Vinaya Pitaka (3): Khandhaka

by I. B. Horner | 2014 | 386,194 words | ISBN-13: 9781921842160

The English translation of the Khandhaka: the second book of the Pali Vinaya Pitaka, one of the three major ‘baskets’ of Therevada canonical literature. It is a collection of various narratives. The English translation of the Vinaya-pitaka (third part, khandhaka) contains many Pali original words, but transliterated using a system similar to the I...

The portion on thirty-two (cases) where one should not let go forth

Kd.1.71.1 Now at that time monks (each) let go forth one who had his hands cut off … his feet cut off … his hands and feet cut off … his ears cut off … his nose … his ears and nose … BD.4.116 his fingers … his nails[1] cut off … who had the tendons (of his feet) cut … one who had webbed fingers[2] … a hunchback … a dwarf … one who had a goitre … one who had been branded[3]… one who had been scourged[4] … one who had been written about4 … one who had elephantiasis … one who was badly ill … one who disgraced an assembly[5] (by some deformity[6]) … one who was purblind[7] … one with a crooked limb … one who was lame … one paralysed down one side … a cripple … one weak from old age … one who was blind7… one who was dumb[8] … one who was deaf[9]… one who was blind and dumb … one who was deaf and dumb … one who was blind and deaf and dumb. They told this matter to the Lord.

Kd.1.71.2 He said: “Monks, one who has had his hands cut off should not be let go forth; one who has had his feet cut off … one who is blind and deaf and dumb should not be let go forth. Whoever should let (one such) go forth, there is an offence of wrong-doing.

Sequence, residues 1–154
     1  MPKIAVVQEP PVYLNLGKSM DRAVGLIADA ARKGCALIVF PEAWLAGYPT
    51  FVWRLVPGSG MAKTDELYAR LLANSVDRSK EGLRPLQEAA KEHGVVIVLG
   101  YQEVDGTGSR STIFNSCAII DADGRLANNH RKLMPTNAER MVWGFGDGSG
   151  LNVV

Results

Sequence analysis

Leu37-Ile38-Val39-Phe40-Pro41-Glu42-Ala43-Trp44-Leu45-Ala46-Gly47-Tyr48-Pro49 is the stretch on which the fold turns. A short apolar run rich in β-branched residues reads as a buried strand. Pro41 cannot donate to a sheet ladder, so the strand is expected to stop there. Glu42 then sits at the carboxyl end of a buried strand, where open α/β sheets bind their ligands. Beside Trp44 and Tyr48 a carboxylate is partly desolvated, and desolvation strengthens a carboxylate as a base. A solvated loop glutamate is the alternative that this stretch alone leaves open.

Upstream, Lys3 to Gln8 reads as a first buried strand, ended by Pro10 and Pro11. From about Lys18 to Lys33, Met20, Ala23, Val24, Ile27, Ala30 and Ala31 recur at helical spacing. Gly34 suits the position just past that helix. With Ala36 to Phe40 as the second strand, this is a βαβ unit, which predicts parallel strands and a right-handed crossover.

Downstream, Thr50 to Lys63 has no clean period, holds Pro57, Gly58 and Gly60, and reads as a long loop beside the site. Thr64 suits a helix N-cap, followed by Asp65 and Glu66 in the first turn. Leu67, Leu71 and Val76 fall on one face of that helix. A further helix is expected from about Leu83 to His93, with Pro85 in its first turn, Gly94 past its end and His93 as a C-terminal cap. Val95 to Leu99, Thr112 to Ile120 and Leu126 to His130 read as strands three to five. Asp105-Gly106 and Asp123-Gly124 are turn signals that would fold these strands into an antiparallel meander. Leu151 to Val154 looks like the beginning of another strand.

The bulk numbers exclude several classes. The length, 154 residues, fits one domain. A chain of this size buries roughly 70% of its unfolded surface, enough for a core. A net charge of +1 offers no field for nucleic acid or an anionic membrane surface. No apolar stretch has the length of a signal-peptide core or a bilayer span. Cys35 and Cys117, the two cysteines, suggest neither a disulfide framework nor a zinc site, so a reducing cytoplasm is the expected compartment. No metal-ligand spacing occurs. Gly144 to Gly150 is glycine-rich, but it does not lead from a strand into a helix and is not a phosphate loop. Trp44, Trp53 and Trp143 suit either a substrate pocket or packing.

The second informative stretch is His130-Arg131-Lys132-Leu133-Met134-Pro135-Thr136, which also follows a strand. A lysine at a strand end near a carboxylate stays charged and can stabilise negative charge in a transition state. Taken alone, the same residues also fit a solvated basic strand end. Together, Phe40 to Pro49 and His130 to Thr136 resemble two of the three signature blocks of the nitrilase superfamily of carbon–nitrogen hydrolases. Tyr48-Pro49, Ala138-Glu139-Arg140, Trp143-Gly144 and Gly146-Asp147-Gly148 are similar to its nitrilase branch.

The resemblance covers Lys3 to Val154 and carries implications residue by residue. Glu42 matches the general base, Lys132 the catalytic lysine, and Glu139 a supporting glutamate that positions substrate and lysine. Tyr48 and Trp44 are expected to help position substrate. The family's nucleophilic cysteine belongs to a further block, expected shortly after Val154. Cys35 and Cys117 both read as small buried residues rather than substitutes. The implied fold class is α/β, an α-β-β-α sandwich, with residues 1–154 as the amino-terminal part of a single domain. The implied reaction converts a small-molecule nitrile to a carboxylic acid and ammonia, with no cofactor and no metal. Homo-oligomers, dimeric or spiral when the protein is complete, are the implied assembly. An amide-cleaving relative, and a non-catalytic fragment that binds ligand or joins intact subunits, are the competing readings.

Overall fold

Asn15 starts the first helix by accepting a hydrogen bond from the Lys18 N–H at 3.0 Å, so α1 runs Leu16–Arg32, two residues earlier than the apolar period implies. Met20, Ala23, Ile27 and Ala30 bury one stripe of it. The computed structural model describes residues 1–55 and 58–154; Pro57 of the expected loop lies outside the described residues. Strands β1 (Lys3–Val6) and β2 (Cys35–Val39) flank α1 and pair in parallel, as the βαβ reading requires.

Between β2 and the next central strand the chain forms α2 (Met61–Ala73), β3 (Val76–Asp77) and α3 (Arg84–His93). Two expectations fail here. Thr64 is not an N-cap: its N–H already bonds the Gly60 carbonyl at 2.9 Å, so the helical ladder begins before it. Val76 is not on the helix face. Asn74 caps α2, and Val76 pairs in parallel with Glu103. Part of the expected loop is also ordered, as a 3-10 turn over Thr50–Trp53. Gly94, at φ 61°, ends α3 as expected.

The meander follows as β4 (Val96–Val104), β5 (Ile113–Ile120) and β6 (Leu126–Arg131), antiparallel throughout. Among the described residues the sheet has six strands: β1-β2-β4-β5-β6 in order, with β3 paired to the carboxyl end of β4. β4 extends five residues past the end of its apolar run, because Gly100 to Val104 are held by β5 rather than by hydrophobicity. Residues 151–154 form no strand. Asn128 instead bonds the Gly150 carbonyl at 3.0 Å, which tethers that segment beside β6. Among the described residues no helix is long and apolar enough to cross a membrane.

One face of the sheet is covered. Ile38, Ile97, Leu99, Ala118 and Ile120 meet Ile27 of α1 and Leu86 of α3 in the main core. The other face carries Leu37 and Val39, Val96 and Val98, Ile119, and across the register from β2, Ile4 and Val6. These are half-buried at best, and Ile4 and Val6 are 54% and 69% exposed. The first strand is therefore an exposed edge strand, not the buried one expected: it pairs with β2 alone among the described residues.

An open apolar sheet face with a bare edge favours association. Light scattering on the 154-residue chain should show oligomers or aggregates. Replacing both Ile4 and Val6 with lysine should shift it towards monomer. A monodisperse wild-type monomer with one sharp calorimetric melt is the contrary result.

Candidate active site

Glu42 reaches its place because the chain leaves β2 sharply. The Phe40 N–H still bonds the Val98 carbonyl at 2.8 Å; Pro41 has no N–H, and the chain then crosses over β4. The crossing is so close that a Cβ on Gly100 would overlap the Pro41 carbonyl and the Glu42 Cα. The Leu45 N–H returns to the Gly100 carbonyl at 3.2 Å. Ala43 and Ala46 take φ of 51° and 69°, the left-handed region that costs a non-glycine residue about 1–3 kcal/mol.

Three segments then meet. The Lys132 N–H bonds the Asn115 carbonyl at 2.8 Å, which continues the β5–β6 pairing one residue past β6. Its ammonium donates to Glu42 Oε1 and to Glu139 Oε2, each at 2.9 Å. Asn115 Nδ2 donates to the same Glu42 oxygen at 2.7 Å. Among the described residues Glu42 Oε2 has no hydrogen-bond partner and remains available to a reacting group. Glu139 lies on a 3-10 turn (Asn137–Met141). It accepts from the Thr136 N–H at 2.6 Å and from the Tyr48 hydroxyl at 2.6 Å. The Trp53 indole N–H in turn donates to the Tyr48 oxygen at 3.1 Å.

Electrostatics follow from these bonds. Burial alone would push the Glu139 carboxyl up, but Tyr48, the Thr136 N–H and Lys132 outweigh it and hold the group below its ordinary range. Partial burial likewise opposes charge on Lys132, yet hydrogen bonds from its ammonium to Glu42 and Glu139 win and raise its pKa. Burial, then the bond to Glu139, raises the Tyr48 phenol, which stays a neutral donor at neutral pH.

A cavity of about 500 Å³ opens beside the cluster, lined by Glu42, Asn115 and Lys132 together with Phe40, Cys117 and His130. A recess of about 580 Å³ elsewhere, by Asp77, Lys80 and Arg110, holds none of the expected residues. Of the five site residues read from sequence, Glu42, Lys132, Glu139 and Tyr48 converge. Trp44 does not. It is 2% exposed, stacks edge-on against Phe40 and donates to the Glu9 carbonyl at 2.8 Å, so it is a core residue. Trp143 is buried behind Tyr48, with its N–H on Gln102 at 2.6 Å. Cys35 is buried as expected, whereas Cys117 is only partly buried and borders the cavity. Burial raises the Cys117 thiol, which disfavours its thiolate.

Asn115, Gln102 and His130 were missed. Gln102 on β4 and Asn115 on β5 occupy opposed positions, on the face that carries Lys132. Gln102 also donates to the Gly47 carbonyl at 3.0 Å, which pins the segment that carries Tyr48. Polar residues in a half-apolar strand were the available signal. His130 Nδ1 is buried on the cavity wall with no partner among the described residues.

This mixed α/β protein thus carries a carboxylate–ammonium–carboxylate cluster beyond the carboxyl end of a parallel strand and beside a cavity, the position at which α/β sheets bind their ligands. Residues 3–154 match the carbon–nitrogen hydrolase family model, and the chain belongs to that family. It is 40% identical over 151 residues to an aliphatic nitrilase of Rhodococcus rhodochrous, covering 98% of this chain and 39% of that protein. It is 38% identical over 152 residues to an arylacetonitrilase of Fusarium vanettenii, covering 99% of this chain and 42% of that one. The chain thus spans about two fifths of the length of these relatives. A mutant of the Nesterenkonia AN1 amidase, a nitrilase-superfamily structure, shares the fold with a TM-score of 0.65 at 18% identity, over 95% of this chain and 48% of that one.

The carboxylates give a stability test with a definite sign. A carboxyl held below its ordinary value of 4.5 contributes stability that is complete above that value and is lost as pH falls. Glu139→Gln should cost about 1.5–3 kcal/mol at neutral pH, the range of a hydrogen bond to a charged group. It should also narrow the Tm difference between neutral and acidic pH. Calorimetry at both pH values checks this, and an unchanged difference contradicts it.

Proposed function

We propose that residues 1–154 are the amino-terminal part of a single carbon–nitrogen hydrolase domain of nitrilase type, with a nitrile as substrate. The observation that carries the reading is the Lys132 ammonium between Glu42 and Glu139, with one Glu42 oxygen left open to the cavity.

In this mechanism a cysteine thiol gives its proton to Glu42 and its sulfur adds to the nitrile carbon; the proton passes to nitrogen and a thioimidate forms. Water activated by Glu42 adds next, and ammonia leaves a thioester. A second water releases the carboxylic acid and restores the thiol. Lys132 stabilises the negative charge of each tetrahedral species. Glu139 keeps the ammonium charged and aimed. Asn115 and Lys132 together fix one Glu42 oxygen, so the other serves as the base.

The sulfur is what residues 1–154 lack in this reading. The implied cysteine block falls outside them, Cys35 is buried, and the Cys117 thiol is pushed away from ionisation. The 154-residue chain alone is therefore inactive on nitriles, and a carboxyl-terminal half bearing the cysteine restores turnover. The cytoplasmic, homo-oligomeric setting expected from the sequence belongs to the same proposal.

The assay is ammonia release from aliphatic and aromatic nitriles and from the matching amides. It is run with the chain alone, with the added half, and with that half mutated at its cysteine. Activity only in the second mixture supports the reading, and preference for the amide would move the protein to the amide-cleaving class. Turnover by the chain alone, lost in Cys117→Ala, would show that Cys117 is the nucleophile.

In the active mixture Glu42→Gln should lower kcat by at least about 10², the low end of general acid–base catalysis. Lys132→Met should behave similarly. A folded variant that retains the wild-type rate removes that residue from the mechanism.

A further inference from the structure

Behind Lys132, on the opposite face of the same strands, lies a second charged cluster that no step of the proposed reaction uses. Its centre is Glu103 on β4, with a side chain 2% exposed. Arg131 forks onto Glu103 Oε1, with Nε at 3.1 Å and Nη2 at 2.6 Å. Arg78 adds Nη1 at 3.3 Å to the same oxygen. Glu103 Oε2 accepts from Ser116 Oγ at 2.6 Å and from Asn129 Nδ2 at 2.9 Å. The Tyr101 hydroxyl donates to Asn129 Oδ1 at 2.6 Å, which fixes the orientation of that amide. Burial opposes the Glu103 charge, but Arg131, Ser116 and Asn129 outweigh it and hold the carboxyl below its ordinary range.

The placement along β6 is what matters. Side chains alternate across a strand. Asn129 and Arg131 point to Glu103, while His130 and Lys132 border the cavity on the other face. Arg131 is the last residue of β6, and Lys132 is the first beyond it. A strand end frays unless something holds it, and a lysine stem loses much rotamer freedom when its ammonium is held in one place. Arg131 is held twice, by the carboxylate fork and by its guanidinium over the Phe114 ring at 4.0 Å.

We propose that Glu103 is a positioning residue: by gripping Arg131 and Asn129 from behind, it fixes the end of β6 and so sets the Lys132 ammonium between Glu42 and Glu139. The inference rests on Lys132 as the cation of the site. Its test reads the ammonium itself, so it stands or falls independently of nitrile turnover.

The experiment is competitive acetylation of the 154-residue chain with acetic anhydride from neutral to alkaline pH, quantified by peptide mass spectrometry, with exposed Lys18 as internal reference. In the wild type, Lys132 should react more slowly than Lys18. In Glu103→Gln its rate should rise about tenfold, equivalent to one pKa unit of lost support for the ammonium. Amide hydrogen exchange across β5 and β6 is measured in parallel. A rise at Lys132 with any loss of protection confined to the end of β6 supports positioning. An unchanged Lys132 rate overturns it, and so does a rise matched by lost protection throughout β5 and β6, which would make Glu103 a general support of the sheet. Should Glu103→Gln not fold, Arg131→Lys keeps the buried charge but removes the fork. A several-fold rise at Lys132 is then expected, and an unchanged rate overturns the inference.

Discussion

Kd.1.71.3 Told is the Portion on Thirty-two (Cases) where one should not let go forth

Told is the Ninth Portion for Repeating: that on Inheritance

Footnotes and references:

1.

aḷa; see Journal of the Pali Text Society 1884, p.71, 1886, p.105.

2.

phaṇahatthaka, with a hand like a snake’s hood. Cf. hatthaphaṇaka at Vin.2.107, “hands used as an instrument shaped like a snake’s hood” for smoothing the hair. Vin-a.1027, “one whose fingers were grown together like a bat’s wings”. See note by A.K. Coomaraswamy on the jālalakkhaṇa, “The ‘Webbed Finger’ of Buddha”, Indian History Quarterly, Vol. VII, 1931, p.365, where he is of the opinion that jāla does not mean a webbing connecting the fingers, but refers to the thin lines of rosy light which may be seen between the fingers when they are held together and the hand held up to the light. The fingers of the Buddha, as Mahāpuruṣa, would be straight and regularly formed, of one measure, ekappamāṇā, according to this lakkhaṇa, or sign. “It is even possible”, as Coomaraswamy adds in a postscript, “that ‘having webbed fingers’ represents the exact opposite of the meaning of the original lakkhaṇa.”

3.

Cf. Vin.1.76 (above, BD.4.95).

4.

Cf. Vin.1.75 (above, BD.4.95).

5.

parisadūsaka.

6.

Given at length at Vin-a.1027ff.

7.

The two words for blind: kāṇa and andha, are used. Buddhaghosa at Vin-a.1030 says that kāṇa means blind of one or both eyes (and not merely blind of one). He cites the Mahāpaccarī Commentary as asserting kāṇa to mean blind of one eye and andha of both, and he cites the Great Commentary, as saying that andha means blind from birth; he keeps this explanation at Vin-a.1031. “Purblind” and the next three terms occur at Vin.2.90, AN.i.107, AN.ii.85, AN.iii.385, SN.i.94, Pp.51.

8.

Vin-a.1031 explains that if he were unable to say the complete formula for going for refuge, he could not go forth.

9.

Vin-a.1031, if he could hear a loud noise he might go forth.

Like what you read? Consider supporting this website: